“I was really disappointed when I first heard the announcement,” said Coen, who’s in her second year on the squad and would’ve had her first chance to attend and perform at an Open House in the gym. “This year was starting to feel normal with sports and school events completely up and running, but now, with things getting limited again, it is a bit discouraging.” 

Assistant principal Melissa Stinson, who’s in charge of coordinating Open House, echoed Kwon’s and Coen’s sentiments about the canceled event.

“It is a disappointment that we will not be able to host the high-energy, spirited Open House that we have been accustomed to sharing with our prospective students and their families prior to COVID-19,” Stinson wrote in an email statement to The Accolade. “However, the safety of our students, staff and community is by far the most important thing as we face the current surge of positive COVID cases in the county.”

Stinson had no information as to whether Open House will return as an event later this semester.

“We are currently in a holding pattern and do not have any plans for what the final outcome will be for Open House 2022,” according to Stinson’s email statement.


Following the district and administration emails at the end of winter break, Sunny Hills has experienced a decrease in the number of students returning to campus for the start of the spring semester as well as more teachers choosing to stay home for health reasons.

“We also encourage anyone not feeling well to please stay home during this time,” the superintendent wrote in that Dec. 30 letter emailed to students, staff and parents. 

Contrary to the superintendent’s advice, some students have also emailed their teachers informing them that they’d rather stay home for the time being so they don’t catch anything COVID-19-related.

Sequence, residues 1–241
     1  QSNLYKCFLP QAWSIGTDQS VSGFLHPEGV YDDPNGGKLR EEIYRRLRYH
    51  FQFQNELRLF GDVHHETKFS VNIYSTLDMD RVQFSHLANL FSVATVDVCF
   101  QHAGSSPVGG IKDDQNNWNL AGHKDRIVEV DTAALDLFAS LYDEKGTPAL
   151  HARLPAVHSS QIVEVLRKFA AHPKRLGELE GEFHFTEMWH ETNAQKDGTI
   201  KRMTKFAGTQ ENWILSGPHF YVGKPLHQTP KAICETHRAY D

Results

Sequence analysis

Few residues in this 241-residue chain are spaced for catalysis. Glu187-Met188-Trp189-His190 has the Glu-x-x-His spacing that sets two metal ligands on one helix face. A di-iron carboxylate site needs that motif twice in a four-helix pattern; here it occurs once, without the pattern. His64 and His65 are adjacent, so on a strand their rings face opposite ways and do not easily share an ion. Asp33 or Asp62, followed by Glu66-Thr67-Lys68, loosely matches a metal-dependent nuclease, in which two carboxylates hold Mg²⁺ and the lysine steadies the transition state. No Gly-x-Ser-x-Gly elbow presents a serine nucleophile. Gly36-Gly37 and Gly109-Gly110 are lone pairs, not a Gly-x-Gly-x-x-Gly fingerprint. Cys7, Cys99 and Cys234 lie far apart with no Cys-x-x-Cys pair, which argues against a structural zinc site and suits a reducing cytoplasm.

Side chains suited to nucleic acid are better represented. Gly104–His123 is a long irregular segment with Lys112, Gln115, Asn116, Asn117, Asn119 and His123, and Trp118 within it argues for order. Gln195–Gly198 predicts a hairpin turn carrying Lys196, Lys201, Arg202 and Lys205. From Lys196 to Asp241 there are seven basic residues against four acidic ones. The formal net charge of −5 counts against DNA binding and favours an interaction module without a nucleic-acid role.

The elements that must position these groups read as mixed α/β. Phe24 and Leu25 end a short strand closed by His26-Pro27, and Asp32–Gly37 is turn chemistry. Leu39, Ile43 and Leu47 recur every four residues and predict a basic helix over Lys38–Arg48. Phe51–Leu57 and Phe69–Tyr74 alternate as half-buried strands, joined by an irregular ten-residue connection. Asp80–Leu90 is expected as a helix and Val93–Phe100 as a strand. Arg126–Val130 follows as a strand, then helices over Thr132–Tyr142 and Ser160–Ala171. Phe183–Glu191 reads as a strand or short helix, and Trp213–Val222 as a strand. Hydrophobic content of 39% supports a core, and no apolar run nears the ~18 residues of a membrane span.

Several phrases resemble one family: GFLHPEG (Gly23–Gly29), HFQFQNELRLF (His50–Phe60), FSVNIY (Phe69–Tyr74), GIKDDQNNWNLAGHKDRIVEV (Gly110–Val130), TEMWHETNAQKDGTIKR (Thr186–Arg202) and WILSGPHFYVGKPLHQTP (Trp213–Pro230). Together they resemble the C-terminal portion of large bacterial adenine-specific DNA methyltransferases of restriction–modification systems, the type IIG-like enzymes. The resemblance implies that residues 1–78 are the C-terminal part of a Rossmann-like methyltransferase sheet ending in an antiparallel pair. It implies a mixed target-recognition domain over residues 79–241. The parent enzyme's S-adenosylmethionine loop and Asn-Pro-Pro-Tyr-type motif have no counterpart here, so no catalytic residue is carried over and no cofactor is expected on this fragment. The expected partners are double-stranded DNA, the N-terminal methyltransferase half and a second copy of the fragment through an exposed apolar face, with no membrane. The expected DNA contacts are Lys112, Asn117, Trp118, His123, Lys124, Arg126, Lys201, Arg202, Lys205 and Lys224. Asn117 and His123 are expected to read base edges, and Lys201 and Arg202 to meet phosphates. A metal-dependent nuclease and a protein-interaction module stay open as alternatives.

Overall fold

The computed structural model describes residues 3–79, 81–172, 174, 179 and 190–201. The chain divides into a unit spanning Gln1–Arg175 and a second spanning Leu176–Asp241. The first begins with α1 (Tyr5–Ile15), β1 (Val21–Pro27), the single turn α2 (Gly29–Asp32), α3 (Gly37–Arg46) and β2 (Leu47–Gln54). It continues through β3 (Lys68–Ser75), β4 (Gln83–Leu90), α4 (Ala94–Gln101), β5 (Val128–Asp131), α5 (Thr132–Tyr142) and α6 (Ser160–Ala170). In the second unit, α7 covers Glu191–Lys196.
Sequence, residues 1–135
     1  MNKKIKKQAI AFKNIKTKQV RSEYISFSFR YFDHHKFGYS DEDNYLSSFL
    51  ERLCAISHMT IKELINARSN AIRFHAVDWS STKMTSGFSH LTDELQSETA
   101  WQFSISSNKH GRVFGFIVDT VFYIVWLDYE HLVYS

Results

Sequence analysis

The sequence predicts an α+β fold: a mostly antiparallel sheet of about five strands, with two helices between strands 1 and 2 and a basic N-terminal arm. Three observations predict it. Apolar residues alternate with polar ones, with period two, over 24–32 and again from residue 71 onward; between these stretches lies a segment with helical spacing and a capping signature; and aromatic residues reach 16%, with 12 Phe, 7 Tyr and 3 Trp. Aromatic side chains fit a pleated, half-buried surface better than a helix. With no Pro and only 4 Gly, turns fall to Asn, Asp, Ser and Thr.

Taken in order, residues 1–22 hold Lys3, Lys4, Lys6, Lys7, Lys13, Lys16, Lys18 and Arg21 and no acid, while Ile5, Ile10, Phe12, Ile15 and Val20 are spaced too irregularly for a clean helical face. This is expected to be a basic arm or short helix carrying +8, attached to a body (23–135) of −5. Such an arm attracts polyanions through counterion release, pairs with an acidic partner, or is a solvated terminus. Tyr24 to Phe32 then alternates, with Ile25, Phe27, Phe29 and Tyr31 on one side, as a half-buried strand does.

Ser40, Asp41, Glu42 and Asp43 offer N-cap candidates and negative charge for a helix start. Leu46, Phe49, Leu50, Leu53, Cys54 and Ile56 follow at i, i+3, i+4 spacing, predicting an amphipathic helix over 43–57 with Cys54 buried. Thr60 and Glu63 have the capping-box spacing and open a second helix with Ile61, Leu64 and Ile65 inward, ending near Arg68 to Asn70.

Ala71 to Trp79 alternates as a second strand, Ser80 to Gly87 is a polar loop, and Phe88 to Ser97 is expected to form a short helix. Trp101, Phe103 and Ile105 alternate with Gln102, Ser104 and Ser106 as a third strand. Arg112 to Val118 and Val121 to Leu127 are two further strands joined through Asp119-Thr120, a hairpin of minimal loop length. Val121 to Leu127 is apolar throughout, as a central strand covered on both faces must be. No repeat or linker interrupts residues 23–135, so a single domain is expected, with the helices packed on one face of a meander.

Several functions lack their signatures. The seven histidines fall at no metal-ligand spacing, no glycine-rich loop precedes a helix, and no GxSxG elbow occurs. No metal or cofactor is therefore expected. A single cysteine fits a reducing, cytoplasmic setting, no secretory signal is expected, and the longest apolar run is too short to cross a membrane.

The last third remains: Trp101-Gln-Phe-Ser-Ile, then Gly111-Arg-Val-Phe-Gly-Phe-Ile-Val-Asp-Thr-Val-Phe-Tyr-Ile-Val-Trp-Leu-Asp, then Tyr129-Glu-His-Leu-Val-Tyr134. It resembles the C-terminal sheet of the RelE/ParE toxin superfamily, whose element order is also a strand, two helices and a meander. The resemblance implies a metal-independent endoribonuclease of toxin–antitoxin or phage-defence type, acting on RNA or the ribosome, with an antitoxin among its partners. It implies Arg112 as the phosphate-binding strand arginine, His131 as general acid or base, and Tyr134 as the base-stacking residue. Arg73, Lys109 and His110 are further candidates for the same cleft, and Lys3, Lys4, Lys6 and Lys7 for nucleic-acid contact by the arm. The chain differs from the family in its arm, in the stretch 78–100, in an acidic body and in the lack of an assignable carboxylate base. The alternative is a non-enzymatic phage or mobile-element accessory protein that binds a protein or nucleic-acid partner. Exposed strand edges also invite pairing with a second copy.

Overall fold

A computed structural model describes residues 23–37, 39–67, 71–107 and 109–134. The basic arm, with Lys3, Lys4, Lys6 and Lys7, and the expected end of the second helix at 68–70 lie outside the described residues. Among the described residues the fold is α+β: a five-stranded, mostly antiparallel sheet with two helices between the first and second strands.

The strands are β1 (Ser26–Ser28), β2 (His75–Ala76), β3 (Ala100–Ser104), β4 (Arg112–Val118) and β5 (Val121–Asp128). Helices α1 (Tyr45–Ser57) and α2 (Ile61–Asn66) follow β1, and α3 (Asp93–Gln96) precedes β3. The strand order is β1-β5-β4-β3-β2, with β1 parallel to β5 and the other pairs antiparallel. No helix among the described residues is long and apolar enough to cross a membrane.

“Lots of friends and classmates are missing out on classes,” sophomore Madison Lee said. “It makes me realize that the virus is starting to work hard again. Seeing the empty desks makes me think, ‘We worked so hard to get where we are now only to be careless and now we are back to square one.’”

Lee said she noticed about a third of the students missing from her third period Dance 3 class while also having a substitute teacher Wednesday, Jan. 5, in her first period Advanced Placement Psychology class. Her social science teacher, David Fenstermaker, posted a message on his Google Classroom that he had tested positive for COVID-19, she said.

Even though the district is following the Centers for Disease Control and Prevention’s updated guideline in reducing the number of quarantine days for those exposed to anyone testing positive for COVID-19 from 10 to five days, some students questioned whether the district should consider returning to a hybrid learning format to accommodate those who will be at home for a week if not more.

“Personally, I think [the district] should give an option to help those at home catch up since I know people in my classes who have been gone for all four days [this week] due to COVID-19, and they’re having a rough time understanding stuff,” junior Jay Lewis said.


The increase in students quarantining because of illness or exposure to someone testing positive for COVID-19 is also affecting programs and clubs on campus that have been looking forward to expanding their activities during the spring semester.

The Feb. 10 International Week assembly and Food Faire lunch — the first in two years and the closest upcoming ASB event — has been postponed to an unspecified date in March or April, ASB co-adviser Mike Paris told The Accolade in a Friday, Jan. 7, email interview.

“Our calendar has changed, and we try to prepare for more possible changes,” Paris said in his statement. “It can be very challenging. This will be even more difficult if the restrictions continue past February.”

The Korean Culture Club has been rehearsing its routines after school since the end of last semester in preparation for the International Week Assembly as well as its own culture night in the recently remodeled Performing Arts Center on March 19.

“Some of our subgroup members are missing, so it is a bit difficult to practice, but we’re trying to practice with the members we have,” said senior Sharon Lim, Korean Culture Club co-president. “We’re worried that we won’t be able to hold Korean Culture Night, but we’re thinking of doing a digital one if circumstances get worse.”